Massachusetts Governor Seeks to Cut Access to Public Domain Records

Here is a major threat to genealogists’ access to records by a well-meaning but misinformed state governor.

Massachusetts Governor Charlie Baker

Governor Charlie Baker is seeking to dramatically restrict who has access to Massachusetts birth records, death certificates, and marriage notices under a proposal that, if adopted, would exempt many of the documents from public view for a virtual lifetime.

Copies of the documents, known as vital records, can currently be viewed or purchased by the public, with few exemptions, at local town or city halls and the state’s records registry, making Massachusetts one of the country’s most transparent states in terms of access to birth or death certificates.

Baker’s provision would reshape state law to allow only those requesting their own records to view or get copies, albeit with a few exceptions: a person’s parent or attorney, for example, or by a judicial order. The change, his office said, would better shield potentially sensitive personal information and mirror “national best practices.”

The proposal — which would need legislative approval — provided new kindling for the debate over how to best balance the public’s right to access government records with a citizen’s privacy.

You can read more in an article by Matt Stout in the Boston Globe newspaper’s web site at https://www.bostonglobe.com/2020/01/30/metro/drastic-change-baker-wants-birth-death-records-secret-most-cases/. However, one must sign up and create an account to view the full article in the Boston Globe. Luckily, the account is free.

9 Comments

The only way for this Governor to be informed is a delegation needs to have an audience with the Governor, not any of his subordinates. With sources to back up what they say. Including some professors who can show that his proposed laws help identity thieves. In fact Mitt Romney should lead this. Everyone should petition him to help. He was actually the Governor of Massachusetts.

Like

Utah, it’s 100 for birth, 75 for marriage (not sure), 50 for death. Oregon same. Oklahoma it’s 20 years for death, 100 for birth, unknown for marriage. No redactions of medical information in all of these states.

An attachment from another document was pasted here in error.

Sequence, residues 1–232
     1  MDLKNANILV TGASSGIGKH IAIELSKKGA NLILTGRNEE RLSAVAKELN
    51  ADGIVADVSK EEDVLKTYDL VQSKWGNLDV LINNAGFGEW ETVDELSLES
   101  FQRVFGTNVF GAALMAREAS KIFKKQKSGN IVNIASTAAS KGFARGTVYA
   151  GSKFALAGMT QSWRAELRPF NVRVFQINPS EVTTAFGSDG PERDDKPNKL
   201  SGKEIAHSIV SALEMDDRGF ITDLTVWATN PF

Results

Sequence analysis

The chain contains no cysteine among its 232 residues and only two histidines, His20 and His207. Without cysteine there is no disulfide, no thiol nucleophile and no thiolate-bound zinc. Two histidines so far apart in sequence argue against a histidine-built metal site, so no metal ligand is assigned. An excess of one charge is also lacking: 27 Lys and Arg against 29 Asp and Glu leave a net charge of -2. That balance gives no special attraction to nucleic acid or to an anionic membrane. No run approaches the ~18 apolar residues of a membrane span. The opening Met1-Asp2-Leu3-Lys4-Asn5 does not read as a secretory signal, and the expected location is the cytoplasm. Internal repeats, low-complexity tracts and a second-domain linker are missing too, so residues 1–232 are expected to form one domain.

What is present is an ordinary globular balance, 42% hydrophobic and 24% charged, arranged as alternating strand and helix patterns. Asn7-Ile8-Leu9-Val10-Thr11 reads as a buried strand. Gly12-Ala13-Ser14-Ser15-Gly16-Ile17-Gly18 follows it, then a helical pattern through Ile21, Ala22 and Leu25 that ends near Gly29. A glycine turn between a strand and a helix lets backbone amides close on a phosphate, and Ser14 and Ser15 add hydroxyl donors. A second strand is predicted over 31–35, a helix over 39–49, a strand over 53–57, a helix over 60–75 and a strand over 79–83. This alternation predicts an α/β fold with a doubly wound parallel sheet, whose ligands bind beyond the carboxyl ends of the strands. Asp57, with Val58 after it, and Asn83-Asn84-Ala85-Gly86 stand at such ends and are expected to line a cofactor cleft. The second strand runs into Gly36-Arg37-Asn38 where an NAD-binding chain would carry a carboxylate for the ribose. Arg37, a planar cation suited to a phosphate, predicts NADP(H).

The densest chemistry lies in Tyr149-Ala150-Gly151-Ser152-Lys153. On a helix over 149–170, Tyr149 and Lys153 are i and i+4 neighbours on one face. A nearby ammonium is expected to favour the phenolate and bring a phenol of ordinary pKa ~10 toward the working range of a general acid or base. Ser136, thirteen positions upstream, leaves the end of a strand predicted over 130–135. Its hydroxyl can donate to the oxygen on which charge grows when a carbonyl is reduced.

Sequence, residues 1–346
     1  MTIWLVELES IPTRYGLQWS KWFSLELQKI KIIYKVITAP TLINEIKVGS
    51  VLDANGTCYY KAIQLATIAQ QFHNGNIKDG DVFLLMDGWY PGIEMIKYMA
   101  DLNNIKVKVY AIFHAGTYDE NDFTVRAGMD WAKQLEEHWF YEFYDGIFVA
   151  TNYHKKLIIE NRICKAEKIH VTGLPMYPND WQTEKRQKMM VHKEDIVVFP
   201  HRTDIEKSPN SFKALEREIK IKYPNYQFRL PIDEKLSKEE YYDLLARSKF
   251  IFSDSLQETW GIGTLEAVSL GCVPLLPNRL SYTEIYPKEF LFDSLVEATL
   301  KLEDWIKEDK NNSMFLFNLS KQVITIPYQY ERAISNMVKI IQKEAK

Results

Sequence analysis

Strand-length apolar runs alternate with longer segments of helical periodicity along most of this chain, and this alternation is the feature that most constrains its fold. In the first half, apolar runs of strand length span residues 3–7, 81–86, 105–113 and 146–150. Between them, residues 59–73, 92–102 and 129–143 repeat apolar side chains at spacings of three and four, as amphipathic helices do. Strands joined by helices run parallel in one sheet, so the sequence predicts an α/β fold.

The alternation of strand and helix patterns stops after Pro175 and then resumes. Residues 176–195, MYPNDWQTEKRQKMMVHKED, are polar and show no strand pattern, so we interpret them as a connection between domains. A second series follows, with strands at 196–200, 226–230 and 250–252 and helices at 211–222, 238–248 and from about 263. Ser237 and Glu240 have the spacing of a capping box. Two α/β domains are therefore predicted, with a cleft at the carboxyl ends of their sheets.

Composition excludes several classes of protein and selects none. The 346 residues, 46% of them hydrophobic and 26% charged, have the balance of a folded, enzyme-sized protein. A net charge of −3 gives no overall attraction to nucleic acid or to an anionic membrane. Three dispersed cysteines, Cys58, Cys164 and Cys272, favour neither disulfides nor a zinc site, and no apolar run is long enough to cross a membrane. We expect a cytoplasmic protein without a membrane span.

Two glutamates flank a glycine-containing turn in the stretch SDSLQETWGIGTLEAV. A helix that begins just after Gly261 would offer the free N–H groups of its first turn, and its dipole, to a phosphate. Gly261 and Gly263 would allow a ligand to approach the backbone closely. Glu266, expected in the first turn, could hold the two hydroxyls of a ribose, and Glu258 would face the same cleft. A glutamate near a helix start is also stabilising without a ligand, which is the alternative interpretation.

Liked by 1 person

I am in tracing my family history using public records I can go back as far as in Massachusetts 12 ties to the revolutionary war including finding that George Washington is related to me five generations back. The founding father of West Boylston major Ezra Bement is my five times great grandfather. There is no way you should be able to do this to shut off access to records that are a part about history. I will help fight this every step of the way

Liked by 1 person

It will be interesting to see how many people request their death records, as his proposal requires access “to allow only those requesting their own records”.

Like

David Paul Davenport February 1, 2020 at 1:47 pm

Further proof that you don’t have to be intelligent to get elected.

Like

    That’s enough. Let’s leave out the snark. Don’t ruin the purpose of this comment section. Isn’t this supposed to be a moderated site?

    Like

This sounds like is also precludes guardians of children from getting their birth certs since it only says parents. And how about people getting death certs of parents, grandparents etc to research who has what medical conditions?

Like

Leave a Reply

Name and email address are required. Your email address will not be published.

Fill in your details below or click an icon to log in:

WordPress.com Logo

You are commenting using your WordPress.com account. Log Out /  Change )

Google photo

You are commenting using your Google account. Log Out /  Change )

Twitter picture

You are commenting using your Twitter account. Log Out /  Change )

Facebook photo

You are commenting using your Facebook account. Log Out /  Change )

Connecting to %s

You may use these HTML tags and attributes:

<a href="" title=""> <abbr title=""> <acronym title=""> <b> <blockquote cite=""> <cite> <code> <del datetime=""> <em> <i> <pre> <q cite=""> <s> <strike> <strong> 

This site uses Akismet to reduce spam. Learn how your comment data is processed.

%d bloggers like this: